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It Has Nothing To Do With Age provides self-help principles. The inspirational stories give concrete illustrations of overcoming many of life's challenges. Difficulties pertaining to depression, grief, divorce, and death are presented and worked through by the participants. Physical impairments, injuries, overcoming issues with weight, alcohol, and nicotine are also dealt with and resolved by the athletes.

This book provides a model on how to overcome some of the difficulties that confront all of us . Further, this read sheds a beacon of light on preventive measures for good physical and mental health. Research demonstrates that exercise is an important component in treating such ailments and debilitating illness such as depression, stroke, heart disease, brain or cognitive malfunction,and Alzheimer's disease.

I suggest that proper exercise can be used as a preventive measure for psychological, cognitive, and physical health as well. Follow my prescription and lead a better, more fulfilling, and healthier life.

Thursday, February 18, 2016

Does Lance Armstrong Know the Secret?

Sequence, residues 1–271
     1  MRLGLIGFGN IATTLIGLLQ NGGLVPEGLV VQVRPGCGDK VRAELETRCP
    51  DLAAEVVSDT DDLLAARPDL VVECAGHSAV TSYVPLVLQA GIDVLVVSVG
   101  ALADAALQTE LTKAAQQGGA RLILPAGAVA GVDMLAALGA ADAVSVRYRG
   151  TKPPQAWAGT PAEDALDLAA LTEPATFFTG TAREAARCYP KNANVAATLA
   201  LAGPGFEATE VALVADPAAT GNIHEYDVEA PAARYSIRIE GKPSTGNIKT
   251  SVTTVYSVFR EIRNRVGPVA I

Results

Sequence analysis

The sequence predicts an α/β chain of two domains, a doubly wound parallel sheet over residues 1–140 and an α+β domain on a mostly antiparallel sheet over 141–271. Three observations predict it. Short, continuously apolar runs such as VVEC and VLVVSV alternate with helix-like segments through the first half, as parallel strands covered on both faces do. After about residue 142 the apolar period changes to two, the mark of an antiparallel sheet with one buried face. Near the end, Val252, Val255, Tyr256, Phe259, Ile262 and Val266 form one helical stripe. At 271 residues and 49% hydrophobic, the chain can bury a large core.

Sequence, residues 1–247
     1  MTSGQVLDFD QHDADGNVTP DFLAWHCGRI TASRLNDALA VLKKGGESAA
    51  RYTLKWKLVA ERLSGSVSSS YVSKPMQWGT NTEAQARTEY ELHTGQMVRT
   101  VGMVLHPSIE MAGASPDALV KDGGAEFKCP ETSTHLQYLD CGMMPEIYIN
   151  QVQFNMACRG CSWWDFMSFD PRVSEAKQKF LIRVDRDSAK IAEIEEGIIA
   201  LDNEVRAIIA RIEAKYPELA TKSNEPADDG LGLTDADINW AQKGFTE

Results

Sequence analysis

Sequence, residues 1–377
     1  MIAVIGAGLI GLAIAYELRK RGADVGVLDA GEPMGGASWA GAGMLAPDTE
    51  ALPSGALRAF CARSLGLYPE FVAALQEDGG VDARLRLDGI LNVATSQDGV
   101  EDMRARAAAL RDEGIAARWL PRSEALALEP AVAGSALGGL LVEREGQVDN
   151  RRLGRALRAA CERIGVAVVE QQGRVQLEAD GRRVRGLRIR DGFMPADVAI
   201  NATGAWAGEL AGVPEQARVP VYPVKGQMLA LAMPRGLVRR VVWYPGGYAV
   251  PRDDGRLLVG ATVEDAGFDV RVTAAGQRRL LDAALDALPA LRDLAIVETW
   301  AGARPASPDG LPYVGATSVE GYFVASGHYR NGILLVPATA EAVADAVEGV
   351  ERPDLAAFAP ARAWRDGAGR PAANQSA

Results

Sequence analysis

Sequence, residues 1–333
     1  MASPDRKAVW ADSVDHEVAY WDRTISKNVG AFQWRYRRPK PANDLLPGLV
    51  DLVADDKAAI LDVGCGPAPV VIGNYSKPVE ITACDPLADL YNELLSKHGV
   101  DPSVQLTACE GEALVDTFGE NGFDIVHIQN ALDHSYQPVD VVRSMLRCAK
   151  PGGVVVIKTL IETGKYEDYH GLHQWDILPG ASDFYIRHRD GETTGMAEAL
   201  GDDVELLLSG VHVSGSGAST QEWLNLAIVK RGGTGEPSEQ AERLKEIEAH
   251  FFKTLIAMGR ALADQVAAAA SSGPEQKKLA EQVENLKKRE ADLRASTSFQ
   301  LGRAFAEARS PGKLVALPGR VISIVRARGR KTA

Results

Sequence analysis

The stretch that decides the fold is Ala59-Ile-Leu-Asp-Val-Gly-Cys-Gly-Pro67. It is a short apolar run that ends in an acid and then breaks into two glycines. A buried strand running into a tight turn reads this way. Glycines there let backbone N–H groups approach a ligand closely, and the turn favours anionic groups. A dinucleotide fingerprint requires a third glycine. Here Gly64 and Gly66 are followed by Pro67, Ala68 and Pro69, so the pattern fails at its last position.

Tony Brickel ,one of my current running partners, sent me an article from the April 15, 2015 edition of the New York Times titled” The Right Dose of Exercise for a Longer Life.” For brief background information, I first met Tony and Jeff at a Ride and Tie event on Mount Hamilton in San Jose, California in 1997. Tony and Jeff were competing in the Ride and Tie and I competed in the 25 mile limited distance endurance ride. My life changed at that point. For those unfamiliar, Ride and Tie is an event consisting of two individuals, and a horse. This team competes against other teams covering 25 – 100 of miles over various mountainous terrains. Each team begins with a runner on the ground and a rider mounted on his horse. Someone yells” go “and the horses and riders race off. After a certain distance, determined by the team, the mounted rider dismounts , ties his horse to a tree limb and then continues running down the trail. Meanwhile, the runner reaches the horse, unties it, mounts and begins chasing the runner ahead. This ride, run, and tie process goes on until the entire team crosses the finish line. The first team wins. At that San Jose competition, I learned more about the event and was set up with Russ Kiernan, my partner, for the next event at Quicksilver. This meant that I had to begin trail running. For additional information, I refer you to “It Has Nothing To Do With Age.” In my book, I give background to my running and riding along with profiling athletes at least 65 years or older competing in ultra-events. In 2002, I ran the Western States ultra-run that began at Squaw Valley, California and ended in Auburn, California. This was a one day 100 mile run. Back to the present as last Saturday, Tony, Chris and I ran in a Western States training run. Incidentally, we were joined by Lance Armstrong and Eric Byrnes. Eric, formerly played for the Oakland A’s . They passed us at No Hands Bridge. The next Western States training run will be on the Memorial Day holiday. In early March, Tony, Jonathan and I have entered the Way Too Cool 50 K. Tony and I, on average, run in the neighborhood of 50 miles per week. I started running that mileage in late 2001. The New York Times article, followed the exercise habits of 661,000 adults, most of them middle-aged. These adults were categorized from those who did not exercise in all, to those that worked out for 10 times the current recommendations. They then looked at 14 years of death records for these individuals. The conclusions were the following: 1. Those that did not exercise at all were at the highest risk of early death. 2. Those who exercised a little lowered their risk of premature death by 20%. 3. Those who met the guidelines by competing 150 minutes per week of moderate exercise increasing longevity and had a 31% less risk of dying during the 14 year period compared to those who never exercised. 4. Those who tripled the recommended level of exercise, mostly by walking for 450 minutes per week, were 39% less likely to die prematurely than those who never exercised. 5. Those individuals engaging in 10 times or more the recommended exercise dose gained about the same reduction in mortality risk as people that simply met the guidelines. But they also did not increase their risk of dying young. Tony’s conclusion “okay, Frank were going to live longer.”


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